The Citarum River, which winds its way through West Java past terraced rice paddies and teeming cities, is an assault on the senses. Visitors can smell the river before they see it.
Some fishermen still make their living off the river’s fouled waters, but many are no longer casting lures. Instead, they row their boats through floating garbage, foraging for old tires and other trash they can sell.
The river, considered by many environmentalists to be among the world’s most polluted, is woven tightly into the lives of the West Javanese.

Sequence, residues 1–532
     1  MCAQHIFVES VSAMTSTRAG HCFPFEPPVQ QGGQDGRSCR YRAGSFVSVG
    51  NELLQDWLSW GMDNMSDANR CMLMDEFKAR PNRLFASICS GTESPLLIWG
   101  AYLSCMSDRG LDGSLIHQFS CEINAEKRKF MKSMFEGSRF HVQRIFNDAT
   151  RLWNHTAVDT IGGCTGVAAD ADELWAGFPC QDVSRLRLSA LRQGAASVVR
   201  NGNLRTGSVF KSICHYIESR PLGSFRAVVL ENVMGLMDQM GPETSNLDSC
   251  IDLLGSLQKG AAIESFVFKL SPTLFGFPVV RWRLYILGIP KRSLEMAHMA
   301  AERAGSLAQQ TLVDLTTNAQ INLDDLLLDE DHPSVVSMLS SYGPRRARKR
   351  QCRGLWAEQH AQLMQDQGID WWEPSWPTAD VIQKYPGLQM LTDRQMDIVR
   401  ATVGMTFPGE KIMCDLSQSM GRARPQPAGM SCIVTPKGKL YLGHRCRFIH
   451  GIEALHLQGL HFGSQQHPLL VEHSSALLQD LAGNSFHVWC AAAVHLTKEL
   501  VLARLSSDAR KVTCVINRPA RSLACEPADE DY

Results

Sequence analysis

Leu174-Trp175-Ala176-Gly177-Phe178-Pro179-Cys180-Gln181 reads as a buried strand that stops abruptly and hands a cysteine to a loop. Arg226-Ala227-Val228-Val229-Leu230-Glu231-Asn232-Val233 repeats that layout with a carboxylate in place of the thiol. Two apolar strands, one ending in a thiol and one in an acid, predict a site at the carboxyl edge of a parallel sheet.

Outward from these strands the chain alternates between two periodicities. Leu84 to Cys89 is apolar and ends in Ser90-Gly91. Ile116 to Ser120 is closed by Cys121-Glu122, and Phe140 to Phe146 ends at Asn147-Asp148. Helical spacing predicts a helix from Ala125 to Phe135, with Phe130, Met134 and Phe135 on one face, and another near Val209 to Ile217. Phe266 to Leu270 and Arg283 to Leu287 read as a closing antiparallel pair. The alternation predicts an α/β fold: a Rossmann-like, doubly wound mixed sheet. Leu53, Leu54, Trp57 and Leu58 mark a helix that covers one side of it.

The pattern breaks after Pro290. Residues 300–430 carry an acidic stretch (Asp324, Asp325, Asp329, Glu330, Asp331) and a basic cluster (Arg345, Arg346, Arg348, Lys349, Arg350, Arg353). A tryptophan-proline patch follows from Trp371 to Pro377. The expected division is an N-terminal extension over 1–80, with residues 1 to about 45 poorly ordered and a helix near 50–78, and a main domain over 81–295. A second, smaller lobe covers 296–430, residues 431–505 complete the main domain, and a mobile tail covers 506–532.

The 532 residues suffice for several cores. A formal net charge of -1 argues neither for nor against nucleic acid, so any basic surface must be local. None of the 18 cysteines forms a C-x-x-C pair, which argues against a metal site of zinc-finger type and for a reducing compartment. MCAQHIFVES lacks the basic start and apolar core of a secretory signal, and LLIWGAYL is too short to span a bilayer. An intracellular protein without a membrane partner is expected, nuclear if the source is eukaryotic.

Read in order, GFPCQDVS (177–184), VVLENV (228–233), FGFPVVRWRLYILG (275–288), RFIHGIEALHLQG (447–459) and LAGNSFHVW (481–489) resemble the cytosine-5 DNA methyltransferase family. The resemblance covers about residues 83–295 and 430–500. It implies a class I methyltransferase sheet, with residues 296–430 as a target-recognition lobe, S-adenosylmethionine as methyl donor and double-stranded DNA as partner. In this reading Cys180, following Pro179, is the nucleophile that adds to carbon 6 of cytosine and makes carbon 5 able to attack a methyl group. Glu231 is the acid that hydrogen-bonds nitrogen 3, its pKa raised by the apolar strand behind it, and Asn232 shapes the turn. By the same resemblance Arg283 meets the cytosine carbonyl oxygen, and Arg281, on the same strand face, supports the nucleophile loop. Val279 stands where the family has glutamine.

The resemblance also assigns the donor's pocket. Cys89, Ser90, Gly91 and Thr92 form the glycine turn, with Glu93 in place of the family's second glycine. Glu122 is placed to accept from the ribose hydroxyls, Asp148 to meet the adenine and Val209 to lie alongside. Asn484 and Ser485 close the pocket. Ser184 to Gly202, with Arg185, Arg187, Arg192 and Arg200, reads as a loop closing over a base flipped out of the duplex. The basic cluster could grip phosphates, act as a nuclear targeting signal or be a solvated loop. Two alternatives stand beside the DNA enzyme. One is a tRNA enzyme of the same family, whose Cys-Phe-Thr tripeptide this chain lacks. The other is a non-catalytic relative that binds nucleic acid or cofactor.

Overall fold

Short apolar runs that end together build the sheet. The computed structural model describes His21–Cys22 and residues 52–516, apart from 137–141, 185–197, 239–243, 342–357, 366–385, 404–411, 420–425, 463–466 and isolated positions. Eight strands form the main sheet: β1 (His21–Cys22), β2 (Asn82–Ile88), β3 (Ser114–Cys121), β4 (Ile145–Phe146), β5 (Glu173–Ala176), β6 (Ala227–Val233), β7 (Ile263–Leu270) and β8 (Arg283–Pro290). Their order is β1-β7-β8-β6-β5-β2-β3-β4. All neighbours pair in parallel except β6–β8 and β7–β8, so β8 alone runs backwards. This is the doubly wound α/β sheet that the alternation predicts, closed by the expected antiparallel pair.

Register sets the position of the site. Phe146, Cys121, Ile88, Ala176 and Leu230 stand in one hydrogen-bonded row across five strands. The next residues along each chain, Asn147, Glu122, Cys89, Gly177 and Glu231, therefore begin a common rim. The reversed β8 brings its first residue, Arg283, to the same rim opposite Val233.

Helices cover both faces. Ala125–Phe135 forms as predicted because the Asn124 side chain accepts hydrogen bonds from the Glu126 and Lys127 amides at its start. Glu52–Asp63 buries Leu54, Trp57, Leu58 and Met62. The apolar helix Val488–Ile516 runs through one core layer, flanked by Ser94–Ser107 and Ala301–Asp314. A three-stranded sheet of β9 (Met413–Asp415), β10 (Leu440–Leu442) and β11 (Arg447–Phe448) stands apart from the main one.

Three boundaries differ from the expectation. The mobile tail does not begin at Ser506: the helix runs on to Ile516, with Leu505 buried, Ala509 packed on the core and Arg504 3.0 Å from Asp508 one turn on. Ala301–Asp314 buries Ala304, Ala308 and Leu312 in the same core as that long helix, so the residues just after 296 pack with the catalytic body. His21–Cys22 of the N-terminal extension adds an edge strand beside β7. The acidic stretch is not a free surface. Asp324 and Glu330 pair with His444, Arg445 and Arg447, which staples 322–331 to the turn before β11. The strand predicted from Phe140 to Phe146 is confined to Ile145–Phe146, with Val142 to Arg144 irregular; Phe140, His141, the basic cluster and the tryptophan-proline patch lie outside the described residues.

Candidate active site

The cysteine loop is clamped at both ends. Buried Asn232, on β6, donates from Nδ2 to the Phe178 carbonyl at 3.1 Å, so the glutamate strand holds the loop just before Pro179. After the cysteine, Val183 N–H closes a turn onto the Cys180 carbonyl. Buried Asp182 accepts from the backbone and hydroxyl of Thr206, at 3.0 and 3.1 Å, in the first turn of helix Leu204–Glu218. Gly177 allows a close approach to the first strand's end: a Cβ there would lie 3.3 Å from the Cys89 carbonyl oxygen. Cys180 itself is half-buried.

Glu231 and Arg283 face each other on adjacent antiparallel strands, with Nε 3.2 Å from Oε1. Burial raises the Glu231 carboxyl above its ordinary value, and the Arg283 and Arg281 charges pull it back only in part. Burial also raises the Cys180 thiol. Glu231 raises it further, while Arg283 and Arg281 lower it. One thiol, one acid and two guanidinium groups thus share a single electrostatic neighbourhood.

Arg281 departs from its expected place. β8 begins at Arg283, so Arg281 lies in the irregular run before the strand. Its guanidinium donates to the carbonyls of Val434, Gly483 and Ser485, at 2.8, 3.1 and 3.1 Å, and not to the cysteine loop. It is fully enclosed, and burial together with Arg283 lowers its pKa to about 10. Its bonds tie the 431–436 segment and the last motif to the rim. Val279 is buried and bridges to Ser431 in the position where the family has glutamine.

It provides 80 percent of household water for Jakarta’s 14 million people, irrigates farms that supply 5 percent of Indonesia’s rice and is a source of water for more than 2,000 factories, which are responsible for a fifth of the country’s industrial output, according to the Asian Development Bank.